• rmacculloch

In order to defend the RBNZ, the Herald diminished economics, by calling the subject "all political"

The NZ Herald's "Business Editor at Large", in order to defend the actions of our Reserve Bank these past years, had this to say about things written in the recent report authored by the former RBNZ Governor Graeme Wheeler & NZ Initiative fellow Bryce Wilkinson which critiqued the Bank's performance (along with several other Central Banks):

"Like all economics, it is political".

On and on the Herald goes with its lecture about the subject that I have studied for 30 years:

"Economics is not hard science. Hard science runs real-world experiments over and over in the lab, with controls in place, until it is accurate to irrefutable degrees".

Really? As a matter of public education, to write these kinds of gross generalizations is, in my opinion, a disservice to the readership of that paper.

I wonder whether the NZ Herald would like to write a follow-up article to "re-educate" its readers on the massive movement in economics these past decades to run "real world experiments", both "natural", and inside & outside labs with controls in place, like the medics do when testing drugs, to ensure the results are accurate to irrefutable degrees.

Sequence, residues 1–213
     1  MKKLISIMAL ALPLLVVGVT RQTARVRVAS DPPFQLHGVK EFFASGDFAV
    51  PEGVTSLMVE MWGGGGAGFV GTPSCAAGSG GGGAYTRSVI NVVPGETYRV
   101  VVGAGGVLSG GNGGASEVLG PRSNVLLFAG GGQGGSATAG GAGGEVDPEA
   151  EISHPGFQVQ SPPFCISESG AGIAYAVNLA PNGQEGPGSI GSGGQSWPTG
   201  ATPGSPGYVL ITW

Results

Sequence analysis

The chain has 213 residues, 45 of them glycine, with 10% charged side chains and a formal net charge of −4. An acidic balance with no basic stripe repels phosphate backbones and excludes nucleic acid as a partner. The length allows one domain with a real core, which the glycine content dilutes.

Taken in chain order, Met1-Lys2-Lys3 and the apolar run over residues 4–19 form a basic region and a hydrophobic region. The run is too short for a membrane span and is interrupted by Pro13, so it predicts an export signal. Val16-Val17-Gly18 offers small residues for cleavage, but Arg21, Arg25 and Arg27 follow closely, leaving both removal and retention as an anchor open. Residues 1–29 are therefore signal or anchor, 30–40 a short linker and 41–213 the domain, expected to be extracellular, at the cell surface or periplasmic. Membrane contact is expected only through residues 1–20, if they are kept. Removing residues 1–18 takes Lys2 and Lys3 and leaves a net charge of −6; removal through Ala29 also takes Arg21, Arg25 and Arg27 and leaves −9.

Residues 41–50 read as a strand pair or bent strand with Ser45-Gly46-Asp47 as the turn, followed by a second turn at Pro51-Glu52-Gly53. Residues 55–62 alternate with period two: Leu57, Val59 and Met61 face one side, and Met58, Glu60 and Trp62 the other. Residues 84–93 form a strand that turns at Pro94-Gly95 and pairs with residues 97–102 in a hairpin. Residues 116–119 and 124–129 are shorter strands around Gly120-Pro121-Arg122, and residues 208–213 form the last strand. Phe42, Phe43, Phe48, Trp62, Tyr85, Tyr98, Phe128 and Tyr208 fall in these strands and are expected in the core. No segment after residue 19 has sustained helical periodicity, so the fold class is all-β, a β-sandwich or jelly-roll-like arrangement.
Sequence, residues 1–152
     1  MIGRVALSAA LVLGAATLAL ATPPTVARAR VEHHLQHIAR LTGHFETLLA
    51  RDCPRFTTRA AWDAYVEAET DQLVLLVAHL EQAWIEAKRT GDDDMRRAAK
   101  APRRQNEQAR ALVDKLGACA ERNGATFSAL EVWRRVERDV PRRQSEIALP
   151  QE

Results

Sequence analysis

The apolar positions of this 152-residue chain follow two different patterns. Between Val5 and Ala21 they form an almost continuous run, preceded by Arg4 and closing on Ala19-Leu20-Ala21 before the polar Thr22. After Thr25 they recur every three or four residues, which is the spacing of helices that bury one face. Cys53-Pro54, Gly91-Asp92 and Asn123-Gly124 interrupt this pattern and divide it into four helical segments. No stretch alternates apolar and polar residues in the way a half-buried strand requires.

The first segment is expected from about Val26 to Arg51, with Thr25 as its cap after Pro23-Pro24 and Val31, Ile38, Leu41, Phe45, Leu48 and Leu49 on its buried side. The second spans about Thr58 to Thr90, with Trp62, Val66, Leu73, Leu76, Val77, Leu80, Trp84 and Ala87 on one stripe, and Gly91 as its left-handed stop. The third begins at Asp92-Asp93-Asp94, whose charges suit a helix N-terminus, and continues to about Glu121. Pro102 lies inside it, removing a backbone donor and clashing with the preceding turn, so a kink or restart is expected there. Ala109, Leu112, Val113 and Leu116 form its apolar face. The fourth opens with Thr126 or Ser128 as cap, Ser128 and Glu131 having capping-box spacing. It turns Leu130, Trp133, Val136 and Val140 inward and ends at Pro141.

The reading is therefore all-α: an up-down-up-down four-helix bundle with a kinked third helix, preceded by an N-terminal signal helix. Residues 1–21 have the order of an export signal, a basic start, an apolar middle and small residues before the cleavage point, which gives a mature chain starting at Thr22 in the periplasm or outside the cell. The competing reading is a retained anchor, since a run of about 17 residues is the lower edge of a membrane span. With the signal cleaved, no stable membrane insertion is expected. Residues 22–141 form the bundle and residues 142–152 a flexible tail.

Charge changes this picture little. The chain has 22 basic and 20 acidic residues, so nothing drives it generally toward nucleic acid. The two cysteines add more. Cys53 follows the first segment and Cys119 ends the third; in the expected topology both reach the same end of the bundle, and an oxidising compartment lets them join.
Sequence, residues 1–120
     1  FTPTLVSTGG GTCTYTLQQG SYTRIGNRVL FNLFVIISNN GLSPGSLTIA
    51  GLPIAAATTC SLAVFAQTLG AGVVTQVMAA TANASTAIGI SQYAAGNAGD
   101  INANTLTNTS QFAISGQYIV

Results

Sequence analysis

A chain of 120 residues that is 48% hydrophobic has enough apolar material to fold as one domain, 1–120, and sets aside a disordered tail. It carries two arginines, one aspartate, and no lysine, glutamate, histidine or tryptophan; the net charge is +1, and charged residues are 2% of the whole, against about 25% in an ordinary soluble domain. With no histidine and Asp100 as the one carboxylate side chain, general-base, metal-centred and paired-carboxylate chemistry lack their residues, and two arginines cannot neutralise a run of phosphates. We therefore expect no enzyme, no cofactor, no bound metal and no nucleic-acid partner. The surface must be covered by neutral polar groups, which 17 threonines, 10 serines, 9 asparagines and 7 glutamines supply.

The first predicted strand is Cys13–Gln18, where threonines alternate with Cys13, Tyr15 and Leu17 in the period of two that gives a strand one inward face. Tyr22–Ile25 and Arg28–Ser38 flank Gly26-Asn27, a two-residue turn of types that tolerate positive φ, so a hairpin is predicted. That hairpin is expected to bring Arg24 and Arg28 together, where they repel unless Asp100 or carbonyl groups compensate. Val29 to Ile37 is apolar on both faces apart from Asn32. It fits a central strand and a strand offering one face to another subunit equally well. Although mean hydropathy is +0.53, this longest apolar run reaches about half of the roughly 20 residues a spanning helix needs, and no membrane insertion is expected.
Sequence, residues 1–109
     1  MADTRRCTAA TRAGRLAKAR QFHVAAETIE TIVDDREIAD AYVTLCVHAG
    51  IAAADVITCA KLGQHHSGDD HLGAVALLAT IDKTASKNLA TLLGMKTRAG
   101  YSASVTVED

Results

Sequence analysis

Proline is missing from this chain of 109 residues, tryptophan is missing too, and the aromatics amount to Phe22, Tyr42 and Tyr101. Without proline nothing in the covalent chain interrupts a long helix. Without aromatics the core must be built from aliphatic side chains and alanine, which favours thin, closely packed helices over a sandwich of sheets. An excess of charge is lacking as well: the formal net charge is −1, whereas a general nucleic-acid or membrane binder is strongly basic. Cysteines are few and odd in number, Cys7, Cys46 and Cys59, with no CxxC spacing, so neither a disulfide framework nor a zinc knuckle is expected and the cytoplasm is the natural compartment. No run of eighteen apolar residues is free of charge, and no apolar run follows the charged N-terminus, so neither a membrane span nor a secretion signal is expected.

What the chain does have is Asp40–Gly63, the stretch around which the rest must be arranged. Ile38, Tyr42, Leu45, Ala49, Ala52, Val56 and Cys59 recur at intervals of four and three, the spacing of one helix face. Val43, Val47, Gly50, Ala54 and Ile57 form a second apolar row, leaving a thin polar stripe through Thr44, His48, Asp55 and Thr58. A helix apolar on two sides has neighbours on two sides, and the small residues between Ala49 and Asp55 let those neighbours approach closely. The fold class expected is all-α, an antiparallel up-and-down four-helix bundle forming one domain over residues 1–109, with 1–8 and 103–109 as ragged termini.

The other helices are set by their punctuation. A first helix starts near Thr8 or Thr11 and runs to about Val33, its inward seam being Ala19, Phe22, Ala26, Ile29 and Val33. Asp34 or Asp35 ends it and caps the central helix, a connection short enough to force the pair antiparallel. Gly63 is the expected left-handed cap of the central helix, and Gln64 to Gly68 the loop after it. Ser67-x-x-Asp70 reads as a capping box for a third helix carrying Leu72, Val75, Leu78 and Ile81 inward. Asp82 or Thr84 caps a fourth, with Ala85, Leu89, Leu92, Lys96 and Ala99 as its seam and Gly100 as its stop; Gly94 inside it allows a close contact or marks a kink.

To recognize this extraordinary shift in economics to avoid it being labelled "all political", the 2019 Nobel Prize in Economics was made to Abhijit Banerjee, Esther Duflo and Michael Kremer “for their experimental approach to alleviating global poverty .. Their experimental work has changed the culture of economics .."

I'd suggest to the Herald's Owners & Editors they may like to read the article below, called "The Macroeconomist as Scientist and Engineer", by the writer of the world's most popular undergrad econ textbook & former Head of Harvard's Econ Department. Maybe they could also get in touch with my colleague, Ananish Chaudhuri, who is a Professor of Experimental Economics at the University of Auckland and ask for his views.

More generally, trying to diminish reports by eminent economists like Graeme Wheeler and Bryce Wilkson by labelling economics as "all political" does no-one any favors.